Toward Accountable Payment

Key Implications of Medicare's Value-Based Purchasing Program

by Rob Lazerow

Read five key implications of Medicare's proposed VBP rule for hospitals and health system leaders.

In January, Medicare released the proposed rule for the upcoming Value-Based Purchasing (VBP) Program, set to launch for FY2013. The VBP program marks the evolution from Medicare's current pay-for-reporting system to a true pay-for-performance structure. In many respects, the program represents the first major regulatory step toward accountable care stemming from the Patient Protection and Affordable Care Act (PPACA). We are currently developing a more thorough analysis of the rule, but in the meantime, I want to begin our discussion of accountable payment by offering five key implications for hospital and health system leaders.

1. Entering an era of peer comparison

In reviewing the program structure outlined in the proposed rule, it is evident that Medicare is preparing to reimburse hospitals based on performance relative to their peers nationwide. The proposed rule states that Medicare will calculate hospitals' Total Performance Score (TPS) and then rank all hospitals according to score. Although incentive payments will be tied to actual scores rather than relative rank, one key program design element drives hospital competition: budget neutrality. Because the total amount of money available for incentive payments is fixed, hospitals hoping to earn back more than their withheld payments will need to outperform their peers to earn a larger share of that pie.

2. Facing payment redistribution based on performance

Medicare will finance the VBP program by withholding a portion of hospitals' inpatient payments, starting with 1% in FY2013 and scaling up to 2% in FY2017. The withheld dollars will fund VBP incentive payments, allocated based on performance scores. There is no way around it: Medicare is entering a world of payment redistribution based on clinical performance. Paired with the budget neutrality requirements, this payment redistribution likely will fuel provider competition around quality.

3. Incentive payment conversion rate unknown at outset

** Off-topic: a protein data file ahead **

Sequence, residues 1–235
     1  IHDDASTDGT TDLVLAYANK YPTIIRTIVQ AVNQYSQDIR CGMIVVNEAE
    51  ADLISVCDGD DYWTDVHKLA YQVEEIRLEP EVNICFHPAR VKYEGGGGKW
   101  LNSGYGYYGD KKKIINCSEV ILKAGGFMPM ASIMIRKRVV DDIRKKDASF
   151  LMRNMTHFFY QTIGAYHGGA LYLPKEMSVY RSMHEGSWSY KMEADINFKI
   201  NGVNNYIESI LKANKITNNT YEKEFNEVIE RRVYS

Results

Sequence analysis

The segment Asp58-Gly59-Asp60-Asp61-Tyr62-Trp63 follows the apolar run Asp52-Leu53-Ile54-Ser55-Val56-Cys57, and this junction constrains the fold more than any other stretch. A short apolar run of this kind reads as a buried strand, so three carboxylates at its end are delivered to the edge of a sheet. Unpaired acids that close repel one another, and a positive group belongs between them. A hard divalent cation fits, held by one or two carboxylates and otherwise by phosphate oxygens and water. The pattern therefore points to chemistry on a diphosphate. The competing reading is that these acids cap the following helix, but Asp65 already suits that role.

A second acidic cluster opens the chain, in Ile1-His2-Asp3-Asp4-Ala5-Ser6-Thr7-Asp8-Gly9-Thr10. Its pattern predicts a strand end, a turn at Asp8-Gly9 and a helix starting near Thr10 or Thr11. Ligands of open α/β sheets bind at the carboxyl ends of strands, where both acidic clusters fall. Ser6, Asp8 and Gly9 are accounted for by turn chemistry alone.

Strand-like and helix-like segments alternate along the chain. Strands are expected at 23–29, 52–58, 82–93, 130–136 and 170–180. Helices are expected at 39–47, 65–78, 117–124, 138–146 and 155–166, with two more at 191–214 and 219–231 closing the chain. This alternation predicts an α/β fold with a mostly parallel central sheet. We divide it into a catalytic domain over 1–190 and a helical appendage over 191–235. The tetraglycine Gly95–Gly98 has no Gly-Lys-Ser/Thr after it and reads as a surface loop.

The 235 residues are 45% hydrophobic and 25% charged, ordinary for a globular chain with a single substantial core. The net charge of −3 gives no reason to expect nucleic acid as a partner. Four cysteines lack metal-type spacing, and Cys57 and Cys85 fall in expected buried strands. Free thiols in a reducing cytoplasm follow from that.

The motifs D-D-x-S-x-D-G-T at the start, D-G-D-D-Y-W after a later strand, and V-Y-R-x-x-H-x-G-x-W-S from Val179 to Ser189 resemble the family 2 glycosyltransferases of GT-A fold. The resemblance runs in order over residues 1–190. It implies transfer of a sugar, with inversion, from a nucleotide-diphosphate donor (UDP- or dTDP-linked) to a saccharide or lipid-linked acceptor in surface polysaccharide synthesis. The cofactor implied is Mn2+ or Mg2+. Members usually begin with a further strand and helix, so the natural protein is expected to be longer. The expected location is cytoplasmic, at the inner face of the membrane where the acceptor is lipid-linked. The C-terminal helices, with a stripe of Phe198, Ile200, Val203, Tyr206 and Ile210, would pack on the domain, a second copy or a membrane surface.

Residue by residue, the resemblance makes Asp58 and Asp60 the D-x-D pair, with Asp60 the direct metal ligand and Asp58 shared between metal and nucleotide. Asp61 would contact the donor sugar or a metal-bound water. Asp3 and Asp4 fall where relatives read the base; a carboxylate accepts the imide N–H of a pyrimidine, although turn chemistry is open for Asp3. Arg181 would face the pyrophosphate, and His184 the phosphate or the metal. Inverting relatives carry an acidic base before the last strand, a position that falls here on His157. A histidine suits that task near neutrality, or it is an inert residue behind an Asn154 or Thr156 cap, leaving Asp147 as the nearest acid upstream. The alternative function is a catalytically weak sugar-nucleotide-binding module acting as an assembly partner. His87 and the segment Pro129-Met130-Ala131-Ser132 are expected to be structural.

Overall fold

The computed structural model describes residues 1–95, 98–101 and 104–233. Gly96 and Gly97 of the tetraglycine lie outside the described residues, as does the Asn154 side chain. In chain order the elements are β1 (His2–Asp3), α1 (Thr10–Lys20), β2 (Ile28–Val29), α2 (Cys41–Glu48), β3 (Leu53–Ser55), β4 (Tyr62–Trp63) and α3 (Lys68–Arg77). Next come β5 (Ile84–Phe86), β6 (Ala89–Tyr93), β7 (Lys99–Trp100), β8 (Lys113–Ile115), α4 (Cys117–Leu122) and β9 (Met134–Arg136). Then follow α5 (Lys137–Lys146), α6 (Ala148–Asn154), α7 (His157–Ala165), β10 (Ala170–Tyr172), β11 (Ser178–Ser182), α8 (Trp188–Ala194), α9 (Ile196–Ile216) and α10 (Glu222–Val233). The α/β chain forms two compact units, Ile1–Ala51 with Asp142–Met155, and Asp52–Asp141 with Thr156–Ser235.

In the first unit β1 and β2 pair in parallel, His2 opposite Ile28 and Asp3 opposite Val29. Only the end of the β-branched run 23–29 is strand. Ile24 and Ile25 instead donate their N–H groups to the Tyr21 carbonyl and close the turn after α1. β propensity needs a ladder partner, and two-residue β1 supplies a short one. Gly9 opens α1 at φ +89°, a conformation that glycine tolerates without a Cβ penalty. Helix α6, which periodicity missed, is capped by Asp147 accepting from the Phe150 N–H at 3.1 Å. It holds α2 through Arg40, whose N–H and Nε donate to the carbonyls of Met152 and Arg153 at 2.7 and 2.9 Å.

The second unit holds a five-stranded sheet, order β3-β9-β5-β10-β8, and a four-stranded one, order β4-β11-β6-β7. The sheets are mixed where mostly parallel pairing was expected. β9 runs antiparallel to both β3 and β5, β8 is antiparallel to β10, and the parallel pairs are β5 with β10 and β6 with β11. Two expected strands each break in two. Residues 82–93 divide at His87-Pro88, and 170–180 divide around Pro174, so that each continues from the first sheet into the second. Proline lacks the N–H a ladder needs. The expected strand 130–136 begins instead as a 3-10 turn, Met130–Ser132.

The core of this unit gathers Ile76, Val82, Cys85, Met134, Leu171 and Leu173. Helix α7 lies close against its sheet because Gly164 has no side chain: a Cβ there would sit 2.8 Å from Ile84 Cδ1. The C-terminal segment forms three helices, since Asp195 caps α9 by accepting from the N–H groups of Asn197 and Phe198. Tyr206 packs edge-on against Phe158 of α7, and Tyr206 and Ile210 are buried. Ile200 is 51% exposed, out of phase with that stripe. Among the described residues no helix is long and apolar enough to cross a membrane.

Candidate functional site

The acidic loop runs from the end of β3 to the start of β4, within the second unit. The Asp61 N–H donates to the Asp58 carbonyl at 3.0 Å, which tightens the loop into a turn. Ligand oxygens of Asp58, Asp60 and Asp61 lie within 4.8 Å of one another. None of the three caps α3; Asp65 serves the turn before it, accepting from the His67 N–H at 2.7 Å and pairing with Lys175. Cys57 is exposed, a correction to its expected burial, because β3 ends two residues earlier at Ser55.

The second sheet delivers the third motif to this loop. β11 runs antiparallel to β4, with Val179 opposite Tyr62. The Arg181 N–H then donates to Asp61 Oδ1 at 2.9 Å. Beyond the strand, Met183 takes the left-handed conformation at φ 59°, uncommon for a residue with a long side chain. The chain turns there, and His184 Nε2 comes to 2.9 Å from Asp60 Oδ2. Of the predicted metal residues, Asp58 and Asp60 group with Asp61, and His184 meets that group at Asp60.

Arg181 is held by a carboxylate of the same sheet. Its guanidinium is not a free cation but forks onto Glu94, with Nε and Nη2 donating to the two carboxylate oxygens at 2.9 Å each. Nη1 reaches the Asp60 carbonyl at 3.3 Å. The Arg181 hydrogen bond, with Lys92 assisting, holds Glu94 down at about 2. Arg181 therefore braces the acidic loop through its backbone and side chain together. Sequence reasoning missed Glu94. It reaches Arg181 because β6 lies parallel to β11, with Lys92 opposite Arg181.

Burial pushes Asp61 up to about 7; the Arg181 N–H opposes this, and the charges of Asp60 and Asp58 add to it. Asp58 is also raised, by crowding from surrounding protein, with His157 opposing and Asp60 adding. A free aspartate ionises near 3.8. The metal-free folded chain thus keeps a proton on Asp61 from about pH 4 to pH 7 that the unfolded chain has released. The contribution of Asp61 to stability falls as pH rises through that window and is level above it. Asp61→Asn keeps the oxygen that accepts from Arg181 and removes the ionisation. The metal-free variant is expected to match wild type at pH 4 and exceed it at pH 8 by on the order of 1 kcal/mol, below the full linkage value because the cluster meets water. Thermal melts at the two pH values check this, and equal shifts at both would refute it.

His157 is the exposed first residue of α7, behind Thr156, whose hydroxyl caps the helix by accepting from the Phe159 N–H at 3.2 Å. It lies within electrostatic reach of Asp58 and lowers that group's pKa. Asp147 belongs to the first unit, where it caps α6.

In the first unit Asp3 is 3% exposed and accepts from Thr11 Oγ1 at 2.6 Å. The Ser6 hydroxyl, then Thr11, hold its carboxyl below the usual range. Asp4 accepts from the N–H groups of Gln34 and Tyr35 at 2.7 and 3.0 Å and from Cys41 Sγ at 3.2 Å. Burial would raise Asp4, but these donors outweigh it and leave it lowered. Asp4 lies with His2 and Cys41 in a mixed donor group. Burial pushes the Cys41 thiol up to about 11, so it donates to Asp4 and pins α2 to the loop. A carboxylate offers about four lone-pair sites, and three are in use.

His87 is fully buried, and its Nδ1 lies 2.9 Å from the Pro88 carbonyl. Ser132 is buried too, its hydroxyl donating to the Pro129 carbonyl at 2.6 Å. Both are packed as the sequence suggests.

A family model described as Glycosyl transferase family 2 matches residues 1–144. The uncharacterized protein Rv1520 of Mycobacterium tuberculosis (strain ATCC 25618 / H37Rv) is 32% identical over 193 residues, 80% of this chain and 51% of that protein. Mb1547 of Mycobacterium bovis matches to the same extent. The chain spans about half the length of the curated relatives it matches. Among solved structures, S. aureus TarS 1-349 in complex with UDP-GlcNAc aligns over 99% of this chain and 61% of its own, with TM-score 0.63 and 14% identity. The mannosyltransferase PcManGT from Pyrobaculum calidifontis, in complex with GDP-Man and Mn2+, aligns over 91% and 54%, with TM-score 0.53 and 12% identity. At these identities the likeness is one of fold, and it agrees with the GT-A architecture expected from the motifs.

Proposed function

Although we know hospitals' maximum penalty from the VBP program (losing the full payment withhold), we have limited ability to assess hospitals' bonus potential at the outset of the program. According to the proposed rule, Medicare will use a "linear exchange function," meaning a straight line conversion from performance scores to incentive payments. Unfortunately, budget neutrality means the slope of the line must be calibrated against all hospitals' actual performance scores, and therefore will remain unknown until Medicare calculates the final incentive payments for FY2013.

4. Opportunities to win through either absolute performance or meaningful improvement

The TPS formula allows hospitals to earn points either through their absolute scores or by demonstrating meaningful improvement from a baseline level of performance. Medicare will establish the baseline score using historical data from July 1, 2009 through March 31, 2010--meaning hospitals' baseline performance has already been measured. In the next key performance period, from July 1, 2011 through March 31, 2012, Medicare will take the second round of performance measurements. As a result, hospitals will want any and all performance improvement initiatives to be in full effect by July 2011.

5. Offering an early accountable care call to action

For the first year of the VBP program, hospital performance will be evaluated on 17 clinical process of care measures and 8 patient satisfaction measures selected from Medicare's current hospital reporting programs. Success against this diverse set of performance metrics will require the hard work of providers and non-clinical staff across the hospital. For hospital or health system leaders seeking an accountable care call to action - a way to engage frontline staff in the transition to accountable care - the VBP program creates an early and relatively low-impact opportunity.

How will your organization fare under VBP?

To help our members prepare for the VBP program, we recently developed the Customized Medicare Value-Based Purchasing Impact Assessment. This new web-based tool enables hospital leaders to estimate their organizations' Total Performance Score and incentive payments based on the details of the proposed rule and hospital-specific performance data from Hospital Compare.

Questions? Thoughts?

How is your organization preparing for the VBP program? Do you have any questions about the proposed rule? Please feel free to leave comments below or contact me directly.